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17Over protests, E15 coming to U.S. pumps this summer

The scuffle over more ethanol in the fuel supply continues, but it looks like gasoline containing up to 15 percent ethanol (E15) will most likely flow out of at least one of the pumps at your local fueling station this summer. What this doesn't mean that E10 gasoline, which has been widely used throughout the U.S. for years, will vanish any time soon.

52EPA approves E15 for 2001-2006 Model Year vehicles

The E15 struggle continues with an announcement by the EPA today that E15 (a fuel made up of 15 percent ethanol and 85 percent gasoline) is safe to use in Model Year 2001-2006 vehicles. Last October, the Agency said that 2007 or newer vehicles could safely use the biofuel, and that kicked off a lot of discussion on the safety of the biofuel and a series of lawsuits. Read more on that here.

42EPA delays decision on E15 use in 2001-2006 model-year vehicles

When the EPA approved the use of gasoline blended with 15 percent ethanol content (E15) for model year 2007 and newer vehicles in mid-October, critics immediately chimed in with a wave of concerns. Some argued that drivers would have a difficult time discerning which fuel to pump into their vehicles, while other were concerned that insufficient testing had been conducted by the EPA and urged retailers to limit the sale of E15 to flex fuel vehicles only. For nearly two years, the E15 battle has w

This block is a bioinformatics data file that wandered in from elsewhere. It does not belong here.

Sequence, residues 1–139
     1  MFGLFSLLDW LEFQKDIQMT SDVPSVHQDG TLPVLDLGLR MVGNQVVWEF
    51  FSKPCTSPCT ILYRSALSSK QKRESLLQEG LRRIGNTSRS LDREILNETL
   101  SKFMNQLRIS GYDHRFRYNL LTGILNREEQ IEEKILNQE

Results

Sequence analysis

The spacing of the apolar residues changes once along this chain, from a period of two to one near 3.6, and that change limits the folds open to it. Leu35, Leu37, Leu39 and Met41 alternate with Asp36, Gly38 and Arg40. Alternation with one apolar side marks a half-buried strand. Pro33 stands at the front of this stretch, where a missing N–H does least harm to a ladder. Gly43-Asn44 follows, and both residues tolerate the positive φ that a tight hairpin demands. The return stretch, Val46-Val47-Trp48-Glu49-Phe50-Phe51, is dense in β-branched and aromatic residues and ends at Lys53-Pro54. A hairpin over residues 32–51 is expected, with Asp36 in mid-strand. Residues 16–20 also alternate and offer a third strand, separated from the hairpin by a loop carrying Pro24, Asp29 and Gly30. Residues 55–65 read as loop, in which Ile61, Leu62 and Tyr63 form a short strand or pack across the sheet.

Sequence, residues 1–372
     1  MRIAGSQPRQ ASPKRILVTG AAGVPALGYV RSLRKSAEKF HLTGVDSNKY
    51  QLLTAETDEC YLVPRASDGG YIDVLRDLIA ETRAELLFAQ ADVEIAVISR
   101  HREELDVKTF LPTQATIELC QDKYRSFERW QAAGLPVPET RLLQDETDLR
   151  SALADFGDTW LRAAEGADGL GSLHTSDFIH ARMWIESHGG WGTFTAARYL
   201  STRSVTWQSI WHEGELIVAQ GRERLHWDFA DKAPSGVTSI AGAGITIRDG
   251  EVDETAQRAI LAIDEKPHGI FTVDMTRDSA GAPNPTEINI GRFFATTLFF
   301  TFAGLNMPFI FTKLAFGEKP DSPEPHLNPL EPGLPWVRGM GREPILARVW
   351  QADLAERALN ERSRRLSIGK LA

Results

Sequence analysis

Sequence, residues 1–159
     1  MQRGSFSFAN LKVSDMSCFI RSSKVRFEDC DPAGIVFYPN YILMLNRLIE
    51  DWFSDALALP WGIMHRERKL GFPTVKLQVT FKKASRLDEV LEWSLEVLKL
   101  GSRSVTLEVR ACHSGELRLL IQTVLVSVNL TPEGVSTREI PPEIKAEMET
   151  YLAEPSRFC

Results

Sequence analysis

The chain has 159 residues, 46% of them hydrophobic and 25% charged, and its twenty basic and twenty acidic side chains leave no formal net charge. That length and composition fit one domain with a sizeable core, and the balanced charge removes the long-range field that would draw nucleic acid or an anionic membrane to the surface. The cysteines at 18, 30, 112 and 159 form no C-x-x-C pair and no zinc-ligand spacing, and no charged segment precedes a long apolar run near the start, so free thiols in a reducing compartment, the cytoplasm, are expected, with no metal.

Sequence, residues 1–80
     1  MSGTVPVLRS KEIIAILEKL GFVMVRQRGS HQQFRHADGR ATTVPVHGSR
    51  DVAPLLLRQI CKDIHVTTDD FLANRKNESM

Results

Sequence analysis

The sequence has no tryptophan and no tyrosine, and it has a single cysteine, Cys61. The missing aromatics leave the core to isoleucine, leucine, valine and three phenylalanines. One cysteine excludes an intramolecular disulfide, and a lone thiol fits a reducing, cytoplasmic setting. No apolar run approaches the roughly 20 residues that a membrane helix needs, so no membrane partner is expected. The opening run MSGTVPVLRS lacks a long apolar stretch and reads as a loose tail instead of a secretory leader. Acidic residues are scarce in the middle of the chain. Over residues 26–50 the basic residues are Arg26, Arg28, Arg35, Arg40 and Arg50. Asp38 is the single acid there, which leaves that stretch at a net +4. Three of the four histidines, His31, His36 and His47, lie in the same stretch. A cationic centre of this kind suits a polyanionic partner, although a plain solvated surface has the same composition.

3EPA delays decision on E15 use in 2001-2006 model-year vehicles

When the EPA approved the use of gasoline blended with 15 percent ethanol content (E15) for model year 2007 and newer vehicles in mid-October, critics immediately chimed in with a wave of concerns. Some argued that drivers would have a difficult time discerning which fuel to pump into their vehicles, while other critics were concerned that insufficient testing had been conducted by the EPA and urged retailers to limit the sale of E15 to flex fuel vehicles only. For nearly two years, the E15 batt

AddReport: Test shows raising ethanol blend to E15 could damage engines

The Environmental Protection Agency (EPA) will be faced with a decision on the future of ethanol soon and no matter what choice is made, it won't be a popular one. Ethanol producers are pushing the EPA to raise the blend level in gasoline to 15 percent (E15), but automakers and oil companies are pushing back with hopes of keeping the current 10 percent level (E10).

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